The Intertwining of Education and Disability
I was diagnosed with Friedreich’s ataxia (FA) as an 11-year-old. When I was about 15 or 16, the reality of my diagnosis hit me and I found myself struggling to cope with it. As far as I was concerned, my life was never going to amount to anything worthwhile because of my newly discovered disability.
It took me another 10 years to work out that this was an outright lie — my life is worthwhile and I’m glad to be here still. However, I know there is still a lot of “disability shame” out there when there shouldn’t be.
A lot of disabled people still struggle every day with identity issues to the point that they feel like a constant burden. Requiring help to do daily activities is humiliating and degrading, but relinquishing control and submitting to your damaged body every day is torture. Facing these things daily on top of dealing with everything else disabilities encompass is usually enough to send people into a downward spiral of depression, and it’s not that easy to push through.
Having other things to focus on such as work, whatever that may be (even if it’s unpaid), helps a lot. It lets you focus on what you can do regardless of disability. However, it turns out Australians with a disability are more likely to be unemployed compared to those without a disability. In fact, only 36 percent of people with a severe or profound disability are currently employed. As a result, people with a disability are more likely to run their own business.
Education also plays a large role in the severity of one’s disability, and it’s something that is often overlooked in our society. Thirty-six percent of people with a disability have completed year 12, compared to 60 percent of those without a disability. Only half of those disabled schoolchildren receive additional support, be it in the form of support workers or access to counselors. The sad truth is that 25 percent of people with a profound or severe disability haven’t completed year 12.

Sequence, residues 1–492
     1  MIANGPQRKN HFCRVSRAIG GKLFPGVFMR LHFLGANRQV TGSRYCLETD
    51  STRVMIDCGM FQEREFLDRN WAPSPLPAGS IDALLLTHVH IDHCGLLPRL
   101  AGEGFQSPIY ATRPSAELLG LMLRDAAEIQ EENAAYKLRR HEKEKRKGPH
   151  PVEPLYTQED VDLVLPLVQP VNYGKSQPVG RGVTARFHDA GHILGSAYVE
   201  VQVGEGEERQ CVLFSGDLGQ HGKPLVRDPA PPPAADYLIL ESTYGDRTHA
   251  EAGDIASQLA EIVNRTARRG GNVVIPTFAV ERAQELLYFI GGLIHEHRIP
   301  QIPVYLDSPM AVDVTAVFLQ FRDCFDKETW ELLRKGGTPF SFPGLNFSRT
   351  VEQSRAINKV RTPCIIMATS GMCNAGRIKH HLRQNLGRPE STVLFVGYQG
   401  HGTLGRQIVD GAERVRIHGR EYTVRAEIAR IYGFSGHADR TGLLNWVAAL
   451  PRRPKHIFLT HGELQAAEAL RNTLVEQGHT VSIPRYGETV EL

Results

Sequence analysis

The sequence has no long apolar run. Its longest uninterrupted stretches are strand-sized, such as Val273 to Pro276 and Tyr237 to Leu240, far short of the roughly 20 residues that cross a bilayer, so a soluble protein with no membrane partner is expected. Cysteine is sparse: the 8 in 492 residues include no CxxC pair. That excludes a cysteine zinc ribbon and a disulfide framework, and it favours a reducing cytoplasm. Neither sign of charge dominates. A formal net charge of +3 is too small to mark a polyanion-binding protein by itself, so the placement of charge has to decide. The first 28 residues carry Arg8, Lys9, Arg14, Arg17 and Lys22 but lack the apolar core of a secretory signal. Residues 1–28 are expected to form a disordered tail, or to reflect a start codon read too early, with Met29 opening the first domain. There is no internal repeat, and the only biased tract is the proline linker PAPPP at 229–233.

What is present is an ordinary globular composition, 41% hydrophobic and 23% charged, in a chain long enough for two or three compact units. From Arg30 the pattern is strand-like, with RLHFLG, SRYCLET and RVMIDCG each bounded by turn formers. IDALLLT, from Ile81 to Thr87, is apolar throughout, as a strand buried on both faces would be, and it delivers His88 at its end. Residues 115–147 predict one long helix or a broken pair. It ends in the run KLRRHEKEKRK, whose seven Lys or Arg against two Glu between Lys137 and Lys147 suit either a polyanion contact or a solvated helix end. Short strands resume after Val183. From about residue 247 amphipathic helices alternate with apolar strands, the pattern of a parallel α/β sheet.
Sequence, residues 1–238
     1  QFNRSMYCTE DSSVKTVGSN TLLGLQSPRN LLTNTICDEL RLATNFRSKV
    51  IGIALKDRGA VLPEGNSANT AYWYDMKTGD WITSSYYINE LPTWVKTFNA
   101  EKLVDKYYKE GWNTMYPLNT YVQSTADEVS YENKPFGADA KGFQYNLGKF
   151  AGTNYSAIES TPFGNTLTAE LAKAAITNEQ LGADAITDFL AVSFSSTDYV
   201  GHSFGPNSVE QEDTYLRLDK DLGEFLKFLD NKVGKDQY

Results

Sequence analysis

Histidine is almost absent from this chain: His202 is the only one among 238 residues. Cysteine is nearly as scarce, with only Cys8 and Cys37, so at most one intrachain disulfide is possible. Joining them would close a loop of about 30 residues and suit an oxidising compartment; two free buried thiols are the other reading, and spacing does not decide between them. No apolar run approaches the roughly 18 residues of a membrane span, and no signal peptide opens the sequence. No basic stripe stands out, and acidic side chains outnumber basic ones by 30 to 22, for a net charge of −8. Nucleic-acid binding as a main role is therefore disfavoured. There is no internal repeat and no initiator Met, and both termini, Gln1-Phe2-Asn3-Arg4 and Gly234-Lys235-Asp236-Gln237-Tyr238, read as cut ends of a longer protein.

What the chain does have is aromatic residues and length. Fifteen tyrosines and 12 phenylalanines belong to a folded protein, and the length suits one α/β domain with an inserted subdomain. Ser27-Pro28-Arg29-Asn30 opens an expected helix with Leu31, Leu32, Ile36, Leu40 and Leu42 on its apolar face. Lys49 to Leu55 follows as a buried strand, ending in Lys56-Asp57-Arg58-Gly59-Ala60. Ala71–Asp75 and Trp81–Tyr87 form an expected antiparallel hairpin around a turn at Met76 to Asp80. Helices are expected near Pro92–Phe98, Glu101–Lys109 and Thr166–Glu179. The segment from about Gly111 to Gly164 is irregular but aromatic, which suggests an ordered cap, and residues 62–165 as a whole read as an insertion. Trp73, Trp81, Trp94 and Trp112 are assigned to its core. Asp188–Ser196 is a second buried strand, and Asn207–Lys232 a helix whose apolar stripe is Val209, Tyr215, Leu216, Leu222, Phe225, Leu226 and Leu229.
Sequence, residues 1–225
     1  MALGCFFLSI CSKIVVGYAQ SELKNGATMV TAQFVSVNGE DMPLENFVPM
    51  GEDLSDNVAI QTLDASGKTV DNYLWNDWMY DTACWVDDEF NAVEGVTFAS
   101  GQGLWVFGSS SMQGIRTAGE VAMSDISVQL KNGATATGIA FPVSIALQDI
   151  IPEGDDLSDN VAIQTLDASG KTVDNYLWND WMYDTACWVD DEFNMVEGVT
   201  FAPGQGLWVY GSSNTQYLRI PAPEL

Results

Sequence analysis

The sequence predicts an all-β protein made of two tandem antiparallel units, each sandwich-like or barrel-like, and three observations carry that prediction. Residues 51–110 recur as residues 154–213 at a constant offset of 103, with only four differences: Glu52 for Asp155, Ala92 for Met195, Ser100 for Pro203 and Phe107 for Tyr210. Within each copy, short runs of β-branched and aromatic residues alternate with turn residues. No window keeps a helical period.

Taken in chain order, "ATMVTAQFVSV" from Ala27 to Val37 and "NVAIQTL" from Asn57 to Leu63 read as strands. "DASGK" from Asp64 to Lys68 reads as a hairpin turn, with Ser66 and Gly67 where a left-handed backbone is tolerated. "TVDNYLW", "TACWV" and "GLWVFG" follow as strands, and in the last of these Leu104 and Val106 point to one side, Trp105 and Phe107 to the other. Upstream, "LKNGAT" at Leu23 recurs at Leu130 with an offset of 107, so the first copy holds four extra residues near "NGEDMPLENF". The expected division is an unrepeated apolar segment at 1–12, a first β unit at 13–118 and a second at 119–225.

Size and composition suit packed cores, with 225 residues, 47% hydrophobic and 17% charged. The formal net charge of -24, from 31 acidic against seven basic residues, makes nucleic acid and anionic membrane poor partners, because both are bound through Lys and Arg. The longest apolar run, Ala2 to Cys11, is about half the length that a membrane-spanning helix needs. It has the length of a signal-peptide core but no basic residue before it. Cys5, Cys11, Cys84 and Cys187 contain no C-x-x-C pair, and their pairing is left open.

All the usual specialist advice to family members of a severely disabled person is to forget about mainstream schooling and focus on finding a “special” school for disability. “Special” schools are not known for their diverse education programs. They tend to focus on life skills — like how to boil an egg or cook two-minute noodles. So even if someone with a severe disability has the intellectual capacity to learn, they aren’t taught anything different from those with an intellectual disability.
It makes me wonder how the blind and deaf author-activist Helen Keller would have turned out had no one bothered to show her how to communicate or offered her the chance to have a decent education from a young age.
A friend of mine recently informed me that as a teacher of young primary school students, she was told that after a few years of work, she would no longer be eligible for jury duty. The implication was she was spending so much time with kids that her mental capacity to make decisions as an adult was affected. The environment in which she chose to surround herself would ultimately change the way her mind worked. This story stands out in my mind so much because I can see the parallels between severe disability and lack of mainstream education.
My FA has been in the more severe stages for a few years now. I can’t help but think about who I would’ve become, or more to the point, how dumb I would’ve been, had I been born with a severe disability rather than a degenerative one that hit me hardest later in left. Who would I be if I had been slotted into an inferior category of people at a young age? It’s because of my education that my disability doesn’t define who I am, and that is something I will be forever grateful for.
My education means I get to decide how much of a limitation I will let my disability be, and no one else.
Note: Friedreich’s Ataxia News Today is strictly a news and information website about the disease. It does not provide medical advice, diagnosis or treatment. This content is not intended to be a substitute for professional medical advice, diagnosis or treatment. Always seek the advice of your physician or other qualified health provider with any questions you may have regarding a medical condition. Never disregard professional medical advice or delay in seeking it because of something you have read on this website. The opinions expressed in this column are not those of Friedreich’s Ataxia News Today or its parent company, BioNews Services, and are intended to spark discussion about issues pertaining to Friedreich’s ataxia.